The first Selznick-Hitchcock production, 1940's Rebecca, proved something of a nightmare for the notoriously cash-strapped Selznick, who was aghast when the film cost a grand total of $1,288,000. Set in France and Cornwall but shot entirely in California, Rebecca was a first for Hitchcock in more than one way: not least, it netted him his only ever Best Picture Oscar.
The prologue is perhaps one of the most famous in cinematic history: 'Last night I dreamt I went to Manderley again', a woman begins as the camera travels through the iron gate and up the overgrown road to the ruin of the house, and I must admit my heart sank, for although the sequence is gorgeous the voiceover narration is quite awful, intoned in the most strange and inappropriate way. It was early still, and even in 2011 voiceover is overused or used badly far more often than it is employed effectively.
We cut to Monte Carlo, where a man (Laurence Olivier) is standing at a precipice, seemingly ready to hurl himself over the edge; he is interrupted by a young girl (Joan Fontaine, cast against the objections of Olivier, who preferred his lover Vivien Leigh for the part). The gentleman turns out to be Maxim de Winter, recently widowed lord of the family seat of Manderley in Cornwall; she's a never-named orphan who serves as a paid companion to the horrid social climber Edythe Van Hopper (Florence Bates). (Unfortunately the film cuts my favourite moment in the novel, in which Maxim stealthily insults Mrs Van Hopper by assuring her that Manderley hasn't entertained royalty since Ethelred the Unready: 'In fact, it was while staying with my family that the name was given him. He was invariably late for dinner.')
The girl falls in love with the distant, wounded Maxim, and he soon asks her somewhat brusquely to marry him. To Mrs Van Hopper's chagrin, she accepts and, after a quick wedding in Monte Carlo and a honeymoon in Europe, Maxim and the second Mrs de Winter return to Manderley. She finds that the house is still living under the long shadow cast by the first Mrs de Winter, Rebecca, who drowned off the coast. Most servants are friendly, with the exception of the prim Mrs Danvers (Judith Anderson), who is fiercely devoted to Rebecca and makes it very plain that her master's nervous, low-born new wife does not measure up.
In the hands of Hitchcock and cinematographer George Barnes, who received a richly deserved Academy Award for his work, Rebecca is a film of windows, doors and shadows, of actors dwarfed by the house around them. It is also curiously fixated on curtains, opened and closed by the second Mrs de Winter and Mrs Danvers to enter and leave Rebecca's room: a number of great images spring from the juxtaposition between white curtains and Mrs Danvers's black clothes.
It's tempting to read Rebecca as an allegory of the profound social changes then underway in England. My friend noted that there seemed something distinctly Jane Austenish about life at Manderley; but this, we agreed, was more appearance than reality. Jane Austen's works were read by a literate, sufficiently well-off élite; by contrast, in the age of mechanical reproducibility the troubles of Mrs de Winter were splashed all over the world's cinema screens. Frith (Edward Fielding), Manderley's oldest servant, refers to the fact that once a week the general public is admitted to the great hall; this would have horrified Austen's contemporaries, but by the 1930s aristocrats could count themselves lucky if they were able to retain their country houses by surrendering to the new mass culture.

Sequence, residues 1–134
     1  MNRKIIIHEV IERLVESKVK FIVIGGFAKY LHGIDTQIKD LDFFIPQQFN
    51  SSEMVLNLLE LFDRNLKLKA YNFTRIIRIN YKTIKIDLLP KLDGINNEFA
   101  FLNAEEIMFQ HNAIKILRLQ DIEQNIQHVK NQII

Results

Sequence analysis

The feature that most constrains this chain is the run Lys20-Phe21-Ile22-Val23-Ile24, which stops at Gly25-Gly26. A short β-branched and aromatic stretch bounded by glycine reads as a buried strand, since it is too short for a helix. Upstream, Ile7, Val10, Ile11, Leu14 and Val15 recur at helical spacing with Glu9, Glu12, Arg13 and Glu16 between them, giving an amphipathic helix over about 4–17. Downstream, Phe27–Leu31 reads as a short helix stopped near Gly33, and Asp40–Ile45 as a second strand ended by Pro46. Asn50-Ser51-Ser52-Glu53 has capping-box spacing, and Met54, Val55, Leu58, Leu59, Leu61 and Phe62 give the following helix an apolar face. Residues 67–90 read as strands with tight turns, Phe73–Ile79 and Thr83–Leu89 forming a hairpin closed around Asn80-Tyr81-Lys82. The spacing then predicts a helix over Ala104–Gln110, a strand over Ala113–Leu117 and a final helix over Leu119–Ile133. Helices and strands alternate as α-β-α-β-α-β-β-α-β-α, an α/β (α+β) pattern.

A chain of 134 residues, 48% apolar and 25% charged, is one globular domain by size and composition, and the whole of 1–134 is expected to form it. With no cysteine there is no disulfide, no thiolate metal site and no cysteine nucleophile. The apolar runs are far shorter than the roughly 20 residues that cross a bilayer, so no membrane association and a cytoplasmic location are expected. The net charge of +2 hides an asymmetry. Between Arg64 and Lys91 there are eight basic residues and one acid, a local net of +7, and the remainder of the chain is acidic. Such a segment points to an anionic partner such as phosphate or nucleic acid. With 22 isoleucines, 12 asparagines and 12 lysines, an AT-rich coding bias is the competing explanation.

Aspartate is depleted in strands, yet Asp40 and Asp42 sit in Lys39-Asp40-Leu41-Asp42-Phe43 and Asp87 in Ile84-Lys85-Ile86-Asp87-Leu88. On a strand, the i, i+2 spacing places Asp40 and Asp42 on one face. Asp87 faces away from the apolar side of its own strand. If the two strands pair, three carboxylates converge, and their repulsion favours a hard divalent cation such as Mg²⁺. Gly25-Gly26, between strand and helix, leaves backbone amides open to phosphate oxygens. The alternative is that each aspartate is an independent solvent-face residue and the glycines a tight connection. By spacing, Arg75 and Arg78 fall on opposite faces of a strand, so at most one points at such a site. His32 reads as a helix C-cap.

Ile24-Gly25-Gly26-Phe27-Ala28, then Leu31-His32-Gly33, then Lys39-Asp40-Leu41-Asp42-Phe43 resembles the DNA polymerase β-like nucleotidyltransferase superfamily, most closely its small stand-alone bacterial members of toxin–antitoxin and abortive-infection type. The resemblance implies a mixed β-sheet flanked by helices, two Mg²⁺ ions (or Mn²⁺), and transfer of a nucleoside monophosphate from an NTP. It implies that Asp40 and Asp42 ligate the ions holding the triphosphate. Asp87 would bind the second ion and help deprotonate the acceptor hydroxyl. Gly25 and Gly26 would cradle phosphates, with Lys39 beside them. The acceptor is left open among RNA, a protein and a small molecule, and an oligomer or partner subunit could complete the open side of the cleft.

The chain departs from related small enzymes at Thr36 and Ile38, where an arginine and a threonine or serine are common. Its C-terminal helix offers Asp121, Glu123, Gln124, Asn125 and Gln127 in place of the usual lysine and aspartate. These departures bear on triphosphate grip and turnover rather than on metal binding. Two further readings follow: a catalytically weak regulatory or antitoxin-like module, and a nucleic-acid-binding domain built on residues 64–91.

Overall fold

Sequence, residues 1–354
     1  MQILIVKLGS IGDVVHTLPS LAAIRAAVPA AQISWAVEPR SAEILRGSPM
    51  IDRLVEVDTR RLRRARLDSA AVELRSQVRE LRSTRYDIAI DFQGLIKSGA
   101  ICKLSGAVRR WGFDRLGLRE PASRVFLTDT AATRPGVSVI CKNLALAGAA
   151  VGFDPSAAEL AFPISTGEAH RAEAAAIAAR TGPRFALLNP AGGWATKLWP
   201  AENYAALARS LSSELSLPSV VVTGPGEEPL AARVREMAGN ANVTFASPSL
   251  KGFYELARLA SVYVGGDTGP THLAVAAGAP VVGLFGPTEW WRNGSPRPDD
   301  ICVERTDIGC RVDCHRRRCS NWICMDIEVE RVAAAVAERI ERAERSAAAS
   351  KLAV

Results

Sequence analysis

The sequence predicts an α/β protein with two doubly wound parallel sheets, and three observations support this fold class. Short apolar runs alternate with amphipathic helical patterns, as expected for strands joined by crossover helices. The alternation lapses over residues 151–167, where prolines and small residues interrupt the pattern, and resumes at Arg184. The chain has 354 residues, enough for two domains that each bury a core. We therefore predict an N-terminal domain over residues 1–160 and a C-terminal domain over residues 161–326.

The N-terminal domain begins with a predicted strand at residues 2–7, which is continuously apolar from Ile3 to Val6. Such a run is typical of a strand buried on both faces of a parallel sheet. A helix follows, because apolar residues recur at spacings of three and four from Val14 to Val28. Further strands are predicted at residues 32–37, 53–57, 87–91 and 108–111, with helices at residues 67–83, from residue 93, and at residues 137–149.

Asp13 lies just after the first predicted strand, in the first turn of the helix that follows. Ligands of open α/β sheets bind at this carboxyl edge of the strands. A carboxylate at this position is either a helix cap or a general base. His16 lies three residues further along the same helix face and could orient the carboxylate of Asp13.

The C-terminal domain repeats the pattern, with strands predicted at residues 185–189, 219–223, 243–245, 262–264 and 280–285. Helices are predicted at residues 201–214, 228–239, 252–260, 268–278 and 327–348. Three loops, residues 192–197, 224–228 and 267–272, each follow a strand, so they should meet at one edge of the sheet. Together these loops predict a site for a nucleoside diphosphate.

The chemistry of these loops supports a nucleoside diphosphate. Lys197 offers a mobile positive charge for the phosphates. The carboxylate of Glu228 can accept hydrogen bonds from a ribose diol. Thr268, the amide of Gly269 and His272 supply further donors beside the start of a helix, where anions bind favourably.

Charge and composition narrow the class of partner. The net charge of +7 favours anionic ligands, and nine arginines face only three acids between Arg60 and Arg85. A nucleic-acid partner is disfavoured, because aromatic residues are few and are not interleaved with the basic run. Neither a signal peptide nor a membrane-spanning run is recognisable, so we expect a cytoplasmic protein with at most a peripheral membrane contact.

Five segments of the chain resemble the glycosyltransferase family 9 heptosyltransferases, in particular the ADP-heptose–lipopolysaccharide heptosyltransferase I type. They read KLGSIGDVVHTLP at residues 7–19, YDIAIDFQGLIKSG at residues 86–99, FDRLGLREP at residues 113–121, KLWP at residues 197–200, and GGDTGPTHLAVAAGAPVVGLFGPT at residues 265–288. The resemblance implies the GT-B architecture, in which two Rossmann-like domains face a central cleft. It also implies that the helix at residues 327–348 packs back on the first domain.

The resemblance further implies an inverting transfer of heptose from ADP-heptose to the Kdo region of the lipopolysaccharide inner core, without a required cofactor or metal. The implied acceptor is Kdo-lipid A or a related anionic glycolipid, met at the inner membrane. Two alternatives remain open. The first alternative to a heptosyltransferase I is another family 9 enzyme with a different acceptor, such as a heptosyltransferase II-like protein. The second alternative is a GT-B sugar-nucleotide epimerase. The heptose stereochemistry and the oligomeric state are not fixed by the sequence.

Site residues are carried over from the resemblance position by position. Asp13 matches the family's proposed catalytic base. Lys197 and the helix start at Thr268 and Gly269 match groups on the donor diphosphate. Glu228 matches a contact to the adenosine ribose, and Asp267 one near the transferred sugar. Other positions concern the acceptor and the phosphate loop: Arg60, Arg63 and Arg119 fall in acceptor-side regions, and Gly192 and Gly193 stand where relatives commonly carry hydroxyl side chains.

If we take Manderley as a microcosm of England under the aristocracy, Rebecca is the symbol of that fading ruling class: commanding all the qualities of a lady, she is the final flowering of England's noble houses. Even in death, her vengeful spirit lingers on, resenting the intrusion of the upstart second Mrs de Winter into her place. It's notable, though, that Max is remarkably relaxed about the new equality. His social position permits him that luxury. Mrs Danvers, however, must defend Manderley: her whole identity is bound up with the old social order.
These three poles - the commoner, awed but increasingly assertive in the face of aristocracy; the aristocrat himself; and the faitful servant - are portrayed by three of the most capable actors to ever appear on screen together; but to me there's no doubt Judith Anderson is the greatest of the three. She plays the character to perfection: her contempt hiding behind cold courtesy, her faithfulness to Manderley, her devotion to Rebecca that carries more than a hint of lesbian infatuation (this, of course, makes her crazy). The famous window scene between her and Joan Fontaine is as chilling and moving as anything you're ever likely to see.
The film's gender politics are fascinating, too. Rebecca is known to have been sexually voracious in a way that Max can't seem to imagine of his new wife. There's something distinctly uncomfortable about his belittling of the second Mrs de Winter, whom he treats more like a child than an equal; but if he hopes to keep the shadow of Rebecca at bay by choosing a passive woman to whom he can be a father as much as a husband, he fails. It's a film about the failure of old loyalties, of feudalism, of patriarchy - and yet, at the same time, about their lingering terrible power.